So with this redesign, we aimed to expose the breadth and depth of the Meetup network, and unlock the best of Meetup by connecting more of our members to the right experience for them. The new Meetup:

  • Shows what you’ve been missing — what’s new, trending, or happening soon
  • Makes it easier than ever to join and start a Meetup
  • Exposes the breadth of Meetups available in 24 categories
  • Seeds Meetups around what people nearby are interested in

Download for iOS and Android today and find Meetups you’ve been missing.

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Revealing Meetup’s core values

We pride ourselves on building the company we want to work for. In recent years, the team grew, we took on more ambitious projects (check out our new apps!) — and we realized it was time to better define our core values so we could clearly express what kind of company that would be.

Codifying the values became an ambitious project in itself. But on the other side of it, we ended up with a strong point of view about how we work together and what characteristics matter most when we hire new Meetuppers.

If you see something that moves you, leave us a note.

A — Always go for maximum impact on lives.

POSSIBILITY > STABILITY
We like stability, but we like the possibility of impacting more lives even more.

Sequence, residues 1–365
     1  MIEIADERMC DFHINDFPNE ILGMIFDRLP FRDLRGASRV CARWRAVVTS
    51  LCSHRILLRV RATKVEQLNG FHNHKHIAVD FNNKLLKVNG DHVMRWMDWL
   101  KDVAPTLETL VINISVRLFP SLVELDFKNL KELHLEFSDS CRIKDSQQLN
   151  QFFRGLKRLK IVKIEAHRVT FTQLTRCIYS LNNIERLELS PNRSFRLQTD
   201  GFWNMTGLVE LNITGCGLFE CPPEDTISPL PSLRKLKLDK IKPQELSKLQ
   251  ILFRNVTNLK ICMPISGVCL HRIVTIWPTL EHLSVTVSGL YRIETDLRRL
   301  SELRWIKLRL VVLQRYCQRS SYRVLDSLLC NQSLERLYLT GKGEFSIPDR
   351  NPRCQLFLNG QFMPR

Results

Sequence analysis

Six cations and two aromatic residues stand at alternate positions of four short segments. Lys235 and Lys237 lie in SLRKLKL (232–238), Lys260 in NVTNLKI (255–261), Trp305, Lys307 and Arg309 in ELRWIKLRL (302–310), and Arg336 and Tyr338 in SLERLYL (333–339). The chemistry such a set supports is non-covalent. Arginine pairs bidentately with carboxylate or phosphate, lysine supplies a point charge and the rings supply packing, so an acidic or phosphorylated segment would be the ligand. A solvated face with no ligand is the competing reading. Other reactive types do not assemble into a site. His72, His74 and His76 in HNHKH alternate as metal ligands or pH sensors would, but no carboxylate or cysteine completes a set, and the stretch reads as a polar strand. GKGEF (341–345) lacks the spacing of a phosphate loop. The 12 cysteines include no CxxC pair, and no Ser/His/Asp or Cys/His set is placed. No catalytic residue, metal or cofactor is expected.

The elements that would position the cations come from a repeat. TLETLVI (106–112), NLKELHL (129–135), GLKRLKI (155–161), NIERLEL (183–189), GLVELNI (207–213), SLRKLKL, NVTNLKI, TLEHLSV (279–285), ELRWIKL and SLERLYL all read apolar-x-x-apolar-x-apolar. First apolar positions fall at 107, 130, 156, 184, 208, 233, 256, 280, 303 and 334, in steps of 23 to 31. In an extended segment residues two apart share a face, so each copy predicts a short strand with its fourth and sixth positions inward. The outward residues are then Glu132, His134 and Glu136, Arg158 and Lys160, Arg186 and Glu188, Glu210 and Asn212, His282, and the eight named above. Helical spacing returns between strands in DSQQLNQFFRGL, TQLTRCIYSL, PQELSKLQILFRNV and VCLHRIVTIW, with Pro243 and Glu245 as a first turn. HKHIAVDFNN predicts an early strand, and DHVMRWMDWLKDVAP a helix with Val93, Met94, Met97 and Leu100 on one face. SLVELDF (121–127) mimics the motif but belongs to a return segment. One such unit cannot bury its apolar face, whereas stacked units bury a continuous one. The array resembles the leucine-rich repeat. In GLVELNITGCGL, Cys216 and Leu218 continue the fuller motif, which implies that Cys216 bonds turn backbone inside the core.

SCALE > EDGE
We like to care for everyone, but we like scaling and simplicity even more.

LIVES > MONEY
We like money, but we like making money in ways that strengthen the network even more.

B — Be brave & bold.

FOCUS > SPREAD
We like to take on a lot, but we like doing fewer, high priority things well even more.

ACTION > PRECISION
We like precise measurement, but we like acting when measurability is not possible even more.

PUSHY LOVED ONES > POLITE PEACEKEEPERS
We like not annoying people, but we like confidently encouraging people out of their comfort zones even more.

C — Change the company.

COURAGE > COMFORT
We like our routines and ways, but we like always improving even more.

RISK & EVOLVE > PROTECT THE PAST
We like what we’ve got, but we like making the Meetup of tomorrow even more.

SYSTEMIC FIX > ONE-OFF FIX
We like fixing things, but we like systemic fixes (small and big) even more.

D — Debate & decide.

SPEAK UP > HARMONY
We like harmony, but we like the better ideas that come from people speaking up even more.

ACTION > CONSENSUS
We like consensus, but we like action even more.

COMMIT > KVETCH
We like defending our opinions, but we like being open and recognizing when it’s time to commit (or switch teams) even more.

E — Empower everyone.

UNLEASH POTENTIAL > CONTROL PEOPLE
We like having power, but we like distributing power even more.

OWNING > WORKING
We like people who show up, but we like people who step up even more.

DECENTRALIZED > CENTRALIZED
We each like caring about everything, but we like clear roles and responsibilities even more.

F — Futurize.

BUILD FASTER TOMORROW > BUILD FAST TODAY
We like launching, but we like investing to launch faster in the future even more.

GROWING ROOTS TOGETHER > LIVE FAST, DIE YOUNG
We like hard work, but we like working hard sustainably even more.

REPUTATION > WINNING BY ANY MEANS